MawMaw waved the men up the tall row of steps to the kitchen, saying, “Come sit,” then busied herself with serving coffee while the corpsmen spread out an official map larger than her kitchen table. They pushed aside her cups of café au lait.
“From here—” the tall corpsman pointed to a spot where the Mississippi River ran true south before a great curve, “—to here.” His finger crawled around the edge of a great O, where the river almost touched itself before turning south again. East of those points, only a narrow swathe of land separated over a hundred Fryoux’ from the rest of the world. But spring waters often swelled the river to overflowing, breaking bits and pieces of levee and drowning their land.
“We’ve told you. Nature has to take her course,” the short corpsman barked. “This is where we’ll build the new levee.” His stubby finger cut across that narrow passage into Fryoux land. “Don’t you understand? These flimsy house stilts won’t hold up in the middle of a river.”
Waters would liquefy this lush land and carry it in great, discombobulated heaps into distant swamps to rot without the faintest recollection of its bearing on the lives of those who cherished it. The soul of Joie’s entire people would meet its demise. PawPaw had taught his family to love their land in the way they loved their lives. Would they now fear the river like a dying man who fears his closing day, with no degree of control, waiting for last visits, the ultimate decree, one final labored breath?
In all her years, Joie had never heard anyone speak so harshly to her grandfather, yet the corpsmen wore blank faces, sitting there straight-backed in their crisp uniforms as though they visited royalty, not a rickety home where, at nighttime, passersby could see the slivers of light that crept through fissures in its weathered half-inch by four-inch wallboards. The only new structure on the peninsula was a chapel they had started building that spring, and Daddy had already etched Mother’s name into a platform upon which a wooden pietà would lay: In memory of our beloved Ariat. Joie wanted to slap the men. They’d obliterate an entire culture! Why wasn’t PawPaw fighting them?
Her shoulders rounded over. The dignified old patriarch, who just sat there unflinchingly, could do nothing. PawPaw’s head, browned from long decades under the sun, hung a tad lower than usual, but Joie was the only one who noticed. She knew him that well. Because she loved him that well.
PawPaw certainly wondered how future generations would learn that obstacles were made for overcoming if he, their leader, couldn’t overcome this final, greatest obstacle to their very future. How would they feed themselves? Would another familial graveyard be abandoned, same as PawPaw’s ancestors’ thrice before?
The family had settled in these woods to remain safe, but now the whole clan would lose their homes while the nouveau riche remained dry on the highlands—even their animals would be safe on that land they had stolen from PawPaw’s father. Joie could only imagine how her dear grandfather’s gut would wrench when he saw the Highlanders’ livestock grazing safely on high land while his extended family slinked away—how he would see himself as a failure after all the bigotry and injustice he had survived at the hand of the Highlanders; how, in the end, he would have failed at the one most foundational duties of the patriarchy—this would be the cruelest of blows.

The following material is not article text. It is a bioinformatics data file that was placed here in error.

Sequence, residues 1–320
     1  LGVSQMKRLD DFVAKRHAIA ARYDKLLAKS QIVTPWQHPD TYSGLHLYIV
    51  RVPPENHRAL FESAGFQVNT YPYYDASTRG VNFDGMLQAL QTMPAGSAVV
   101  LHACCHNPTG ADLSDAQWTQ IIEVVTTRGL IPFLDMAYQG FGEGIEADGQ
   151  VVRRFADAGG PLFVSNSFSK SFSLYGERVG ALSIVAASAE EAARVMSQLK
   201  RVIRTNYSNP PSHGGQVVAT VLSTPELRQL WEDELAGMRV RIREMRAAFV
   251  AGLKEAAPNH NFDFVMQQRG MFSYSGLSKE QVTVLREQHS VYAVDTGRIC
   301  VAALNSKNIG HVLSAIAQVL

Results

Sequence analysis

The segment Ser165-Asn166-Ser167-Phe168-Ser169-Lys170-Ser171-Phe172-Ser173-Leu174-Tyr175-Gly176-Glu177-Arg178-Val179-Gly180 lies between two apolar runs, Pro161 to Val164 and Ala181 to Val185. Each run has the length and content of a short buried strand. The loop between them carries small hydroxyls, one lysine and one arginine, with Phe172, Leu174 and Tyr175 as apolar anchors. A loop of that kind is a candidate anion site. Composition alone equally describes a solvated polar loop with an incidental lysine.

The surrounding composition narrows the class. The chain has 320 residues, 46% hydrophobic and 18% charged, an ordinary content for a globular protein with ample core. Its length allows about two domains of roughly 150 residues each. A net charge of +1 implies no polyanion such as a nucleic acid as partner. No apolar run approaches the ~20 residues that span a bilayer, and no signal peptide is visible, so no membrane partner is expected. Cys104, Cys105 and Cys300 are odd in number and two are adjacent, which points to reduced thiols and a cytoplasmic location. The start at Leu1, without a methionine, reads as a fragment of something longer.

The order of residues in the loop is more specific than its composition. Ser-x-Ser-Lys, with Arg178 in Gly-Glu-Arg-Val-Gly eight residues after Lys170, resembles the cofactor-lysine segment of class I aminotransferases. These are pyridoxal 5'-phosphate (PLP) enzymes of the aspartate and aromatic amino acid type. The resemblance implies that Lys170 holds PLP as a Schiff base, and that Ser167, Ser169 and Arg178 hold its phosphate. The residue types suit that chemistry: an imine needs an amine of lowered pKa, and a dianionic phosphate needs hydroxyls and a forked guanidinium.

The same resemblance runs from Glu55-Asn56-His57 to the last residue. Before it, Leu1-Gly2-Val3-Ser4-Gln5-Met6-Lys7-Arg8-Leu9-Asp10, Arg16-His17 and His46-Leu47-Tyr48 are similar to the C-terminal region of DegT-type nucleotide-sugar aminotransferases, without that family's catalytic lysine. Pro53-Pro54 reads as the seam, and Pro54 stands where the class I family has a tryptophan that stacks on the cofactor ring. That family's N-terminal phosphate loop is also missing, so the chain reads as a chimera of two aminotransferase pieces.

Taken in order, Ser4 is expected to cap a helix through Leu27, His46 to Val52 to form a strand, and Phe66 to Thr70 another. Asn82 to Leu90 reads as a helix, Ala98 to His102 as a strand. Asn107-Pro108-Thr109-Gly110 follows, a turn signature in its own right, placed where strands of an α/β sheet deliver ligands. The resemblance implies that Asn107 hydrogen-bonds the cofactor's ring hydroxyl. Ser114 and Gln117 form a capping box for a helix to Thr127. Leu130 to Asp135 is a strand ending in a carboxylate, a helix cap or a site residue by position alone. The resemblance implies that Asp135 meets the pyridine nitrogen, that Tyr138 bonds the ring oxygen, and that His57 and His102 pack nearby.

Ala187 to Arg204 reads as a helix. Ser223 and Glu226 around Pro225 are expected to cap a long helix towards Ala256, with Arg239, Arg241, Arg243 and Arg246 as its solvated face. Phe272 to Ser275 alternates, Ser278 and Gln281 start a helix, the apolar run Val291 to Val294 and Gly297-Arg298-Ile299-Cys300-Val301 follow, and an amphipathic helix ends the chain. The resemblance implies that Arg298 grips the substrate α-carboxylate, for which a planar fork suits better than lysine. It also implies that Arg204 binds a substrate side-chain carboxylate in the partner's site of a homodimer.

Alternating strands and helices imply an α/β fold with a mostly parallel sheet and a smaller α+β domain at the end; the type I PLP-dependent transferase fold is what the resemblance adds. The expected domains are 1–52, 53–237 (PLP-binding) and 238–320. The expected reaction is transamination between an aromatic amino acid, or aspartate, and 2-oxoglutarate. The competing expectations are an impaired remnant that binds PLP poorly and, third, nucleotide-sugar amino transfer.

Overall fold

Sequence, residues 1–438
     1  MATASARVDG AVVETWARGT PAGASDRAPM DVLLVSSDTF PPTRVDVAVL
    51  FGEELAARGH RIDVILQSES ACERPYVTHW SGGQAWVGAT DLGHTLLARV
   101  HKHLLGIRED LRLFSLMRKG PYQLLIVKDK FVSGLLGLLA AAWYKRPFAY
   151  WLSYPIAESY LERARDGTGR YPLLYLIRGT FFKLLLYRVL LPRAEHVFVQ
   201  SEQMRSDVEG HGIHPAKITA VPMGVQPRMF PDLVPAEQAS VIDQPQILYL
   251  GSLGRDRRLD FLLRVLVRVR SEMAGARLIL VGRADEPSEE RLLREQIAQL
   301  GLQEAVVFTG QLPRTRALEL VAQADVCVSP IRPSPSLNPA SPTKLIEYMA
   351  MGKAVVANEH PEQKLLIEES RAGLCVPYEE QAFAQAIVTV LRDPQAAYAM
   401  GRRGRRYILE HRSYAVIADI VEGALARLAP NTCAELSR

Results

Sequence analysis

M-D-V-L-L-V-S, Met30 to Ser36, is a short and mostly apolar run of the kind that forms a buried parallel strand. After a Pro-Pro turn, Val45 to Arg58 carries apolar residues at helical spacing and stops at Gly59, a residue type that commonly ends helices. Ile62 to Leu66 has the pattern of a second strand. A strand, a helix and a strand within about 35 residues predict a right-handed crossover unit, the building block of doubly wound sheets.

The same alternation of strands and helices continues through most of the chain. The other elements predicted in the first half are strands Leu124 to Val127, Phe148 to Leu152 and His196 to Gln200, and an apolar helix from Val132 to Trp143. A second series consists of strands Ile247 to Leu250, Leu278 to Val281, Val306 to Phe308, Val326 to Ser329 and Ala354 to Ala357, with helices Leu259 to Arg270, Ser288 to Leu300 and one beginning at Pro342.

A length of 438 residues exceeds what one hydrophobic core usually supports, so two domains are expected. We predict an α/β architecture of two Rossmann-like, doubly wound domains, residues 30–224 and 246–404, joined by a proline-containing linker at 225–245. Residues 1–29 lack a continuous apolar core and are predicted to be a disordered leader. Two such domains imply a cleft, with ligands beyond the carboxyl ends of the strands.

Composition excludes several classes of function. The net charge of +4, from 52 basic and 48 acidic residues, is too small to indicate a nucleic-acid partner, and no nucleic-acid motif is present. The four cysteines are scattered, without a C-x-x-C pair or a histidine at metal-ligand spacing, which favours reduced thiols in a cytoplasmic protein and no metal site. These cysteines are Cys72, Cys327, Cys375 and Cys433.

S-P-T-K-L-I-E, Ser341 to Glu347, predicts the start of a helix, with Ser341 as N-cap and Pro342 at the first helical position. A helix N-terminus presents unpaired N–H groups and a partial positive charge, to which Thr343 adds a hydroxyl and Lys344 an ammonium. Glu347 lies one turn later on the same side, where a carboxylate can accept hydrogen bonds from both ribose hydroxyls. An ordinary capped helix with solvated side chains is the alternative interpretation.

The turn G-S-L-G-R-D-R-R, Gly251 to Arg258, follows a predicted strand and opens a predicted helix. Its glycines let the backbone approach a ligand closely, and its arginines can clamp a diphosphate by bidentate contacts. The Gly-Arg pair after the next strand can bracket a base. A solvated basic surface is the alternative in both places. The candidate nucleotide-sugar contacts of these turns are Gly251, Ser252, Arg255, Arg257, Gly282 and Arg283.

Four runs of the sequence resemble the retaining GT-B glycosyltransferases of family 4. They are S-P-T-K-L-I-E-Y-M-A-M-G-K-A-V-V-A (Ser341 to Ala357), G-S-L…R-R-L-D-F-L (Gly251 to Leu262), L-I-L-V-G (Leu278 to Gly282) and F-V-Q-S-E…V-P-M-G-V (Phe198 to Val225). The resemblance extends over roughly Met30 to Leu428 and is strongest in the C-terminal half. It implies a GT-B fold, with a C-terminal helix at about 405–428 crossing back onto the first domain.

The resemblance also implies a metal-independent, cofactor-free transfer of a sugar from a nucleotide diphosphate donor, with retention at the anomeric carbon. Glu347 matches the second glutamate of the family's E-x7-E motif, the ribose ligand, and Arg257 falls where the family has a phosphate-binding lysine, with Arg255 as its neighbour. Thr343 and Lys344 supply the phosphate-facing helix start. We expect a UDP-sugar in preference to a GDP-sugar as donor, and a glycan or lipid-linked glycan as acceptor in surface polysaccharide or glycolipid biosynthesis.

The corpsmen finally stood to go, the tall one offering a humph and, “Keep the map.”
“We won’t come tell you again,” the other warned over a shoulder.
Joie and MawMaw remained silent and motionless as PawPaw placed a thumb on the map to cover his little peninsula and stare at the result. Then he folded the map, took it outside, and put a match to it.
* * * * *
The prospect of PawPaw losing the family’s last bit of land sent a shiver up Joie’s spine as she stood at her French doors looking out into black skies six months later. Would God wipe out a culture that wouldn’t, couldn’t exist anywhere else?
She strained to see the barn that was home to her beloved Itsy. It might be the last night she could see its silhouette in the moonlight, though the far-reaching clouds of a massive storm were already nipping at its glow. Hurricane Valerie was coming.
She filed away the memories of how she mucked Itsy’s stall and rubbed her withers, and how the mare looped her head around to nuzzle her legs and back. PawPaw was right—there was nothing like a beloved horse treating you like its own species.
She smothered the memory of how Tres had understood that, how he loved horses nearly as much as she did. How he had even helped her muck the barn once (though he rushed home to bathe so he could avoid his mother’s lecture about getting dirty from common labor). What had she been thinking… the idea of a Highlander marrying a Lowlander… ludicrous. Joie and Tres had been clueless to his mother’s shenanigans until she bragged about journeying down to Isle de Jean Charles, at the tip of Louisiana’s delta, to have a vodoun curse Joie. Then she had gone home and convinced her neighbors to stop buying PawPaw’s vegetables, stop letting Joie’s family earn a living.